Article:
We knew it would be a change of landscapes—yes, even a dramatic change. In one short drive we were leaving the snow-dusted peaks of the Tetons for the Red Rock Country of Utah. Trading aspen-cloaked slopes for unique rock formations and water-carved canyons. Ah, but who doesn’t like a little diversity in their lives? The landscape of the traveler can be full of variety. Never boring . . . always fascinating. That’s the way we see it. And that’s the way this trip is unfolding. The stone tunnel we were driving through presented a passage into this new scenario. As October commenced, so did our canyon lands experience. And Bryce Canyon would be the beginning.
There is no place like Bryce Canyon. Hoodoos can be found on every continent, but here is the largest collection of hoodoos in the world. Descriptions fail. A cave without a roof? A forest of stone? Photographs do not do it justice. Looking down on them from the plateau is like gazing at China’s terra-cotta warriors. Close-up images of hoodoos don’t convey the size of the canyon, panoramas make hoodoos appear small and insignificant. It’s just something you need to witness in person—it’s the only way you’ll experience the grandeur of this unique place.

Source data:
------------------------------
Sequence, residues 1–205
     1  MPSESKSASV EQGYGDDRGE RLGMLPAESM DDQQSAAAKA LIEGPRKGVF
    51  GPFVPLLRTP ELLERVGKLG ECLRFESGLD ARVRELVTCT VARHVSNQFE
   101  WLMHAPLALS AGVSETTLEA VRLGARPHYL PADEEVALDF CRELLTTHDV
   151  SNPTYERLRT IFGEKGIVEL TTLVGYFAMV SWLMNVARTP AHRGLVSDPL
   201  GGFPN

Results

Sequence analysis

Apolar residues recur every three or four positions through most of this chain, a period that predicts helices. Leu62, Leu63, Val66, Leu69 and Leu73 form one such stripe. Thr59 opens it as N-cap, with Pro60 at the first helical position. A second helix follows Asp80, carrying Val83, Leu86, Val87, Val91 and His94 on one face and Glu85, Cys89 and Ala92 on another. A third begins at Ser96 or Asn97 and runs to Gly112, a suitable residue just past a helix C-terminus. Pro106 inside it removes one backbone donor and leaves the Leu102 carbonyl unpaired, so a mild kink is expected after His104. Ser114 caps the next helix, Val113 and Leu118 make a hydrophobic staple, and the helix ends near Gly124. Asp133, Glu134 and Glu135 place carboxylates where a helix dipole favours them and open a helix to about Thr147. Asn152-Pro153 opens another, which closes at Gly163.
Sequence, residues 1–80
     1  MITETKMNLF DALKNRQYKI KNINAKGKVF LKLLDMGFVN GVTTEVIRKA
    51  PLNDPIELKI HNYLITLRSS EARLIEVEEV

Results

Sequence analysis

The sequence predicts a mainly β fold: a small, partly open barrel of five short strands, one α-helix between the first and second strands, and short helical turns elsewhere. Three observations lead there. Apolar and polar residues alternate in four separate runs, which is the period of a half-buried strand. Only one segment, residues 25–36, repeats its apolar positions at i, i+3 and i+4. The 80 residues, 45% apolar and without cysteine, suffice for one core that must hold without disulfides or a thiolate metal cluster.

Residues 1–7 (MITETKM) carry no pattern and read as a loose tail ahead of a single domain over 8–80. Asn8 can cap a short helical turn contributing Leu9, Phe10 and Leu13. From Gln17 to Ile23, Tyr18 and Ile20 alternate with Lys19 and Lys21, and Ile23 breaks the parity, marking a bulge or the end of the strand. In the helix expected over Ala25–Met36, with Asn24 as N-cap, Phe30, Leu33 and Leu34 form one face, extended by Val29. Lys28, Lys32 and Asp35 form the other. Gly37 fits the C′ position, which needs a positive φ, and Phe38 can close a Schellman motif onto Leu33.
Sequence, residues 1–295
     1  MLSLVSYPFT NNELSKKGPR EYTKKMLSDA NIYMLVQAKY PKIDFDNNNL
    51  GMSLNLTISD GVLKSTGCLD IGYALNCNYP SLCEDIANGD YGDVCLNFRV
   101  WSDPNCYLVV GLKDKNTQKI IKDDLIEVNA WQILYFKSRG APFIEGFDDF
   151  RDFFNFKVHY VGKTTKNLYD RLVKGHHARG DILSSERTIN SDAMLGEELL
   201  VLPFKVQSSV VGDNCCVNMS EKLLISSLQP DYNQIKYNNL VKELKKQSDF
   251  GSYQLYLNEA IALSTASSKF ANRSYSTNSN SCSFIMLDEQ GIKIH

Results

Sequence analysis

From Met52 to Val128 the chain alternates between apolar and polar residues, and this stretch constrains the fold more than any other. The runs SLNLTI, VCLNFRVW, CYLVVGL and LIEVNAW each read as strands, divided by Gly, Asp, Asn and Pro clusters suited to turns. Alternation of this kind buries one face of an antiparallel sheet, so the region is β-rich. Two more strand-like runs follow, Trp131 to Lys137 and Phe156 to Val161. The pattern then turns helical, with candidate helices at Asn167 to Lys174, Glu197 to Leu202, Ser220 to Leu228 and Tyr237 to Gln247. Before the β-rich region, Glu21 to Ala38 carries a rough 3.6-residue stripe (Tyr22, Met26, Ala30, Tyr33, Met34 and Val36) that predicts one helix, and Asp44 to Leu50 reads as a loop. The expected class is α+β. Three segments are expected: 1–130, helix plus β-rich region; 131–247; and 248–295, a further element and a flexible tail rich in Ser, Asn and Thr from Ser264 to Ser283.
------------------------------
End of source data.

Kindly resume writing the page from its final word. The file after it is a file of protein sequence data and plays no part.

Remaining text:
Your experience at Bryce starts with a BANG! There’s no preparation for the sight you’re about to encounter. Initially, you’re walking up a pathway through a light forest of pines. You’re approaching the void up ahead. You know you’ll soon be standing on the rim of a huge canyon, looking down at a vast formation of rock pillars. Still, you aren’t prepared. No way can you mentally grasp what is lying there below the precipice. You walk up, look down and WHAM! You are visually assaulted. Like nothing you have ever seen. Unbelievable? Probably. Incomprehensible? Undoubtedly. Overwhelming? Most definitely. Hello, Bryce Canyon!